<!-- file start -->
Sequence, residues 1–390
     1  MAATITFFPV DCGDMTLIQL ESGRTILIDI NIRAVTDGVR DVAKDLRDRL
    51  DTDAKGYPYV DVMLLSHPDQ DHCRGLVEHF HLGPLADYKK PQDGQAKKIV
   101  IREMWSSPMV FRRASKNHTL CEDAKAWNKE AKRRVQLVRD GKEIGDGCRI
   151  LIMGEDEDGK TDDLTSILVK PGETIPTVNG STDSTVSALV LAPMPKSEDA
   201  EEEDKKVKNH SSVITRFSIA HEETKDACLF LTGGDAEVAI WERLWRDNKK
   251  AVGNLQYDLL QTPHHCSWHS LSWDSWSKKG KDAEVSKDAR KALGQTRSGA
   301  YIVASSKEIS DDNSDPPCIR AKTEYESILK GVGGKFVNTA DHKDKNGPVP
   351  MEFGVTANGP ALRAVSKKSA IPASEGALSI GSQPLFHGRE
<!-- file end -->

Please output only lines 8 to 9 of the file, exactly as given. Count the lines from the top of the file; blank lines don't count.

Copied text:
   301  YIVASSKEIS DDNSDPPCIR AKTEYESILK GVGGKFVNTA DHKDKNGPVP
   351  MEFGVTANGP ALRAVSKKSA IPASEGALSI GSQPLFHGRE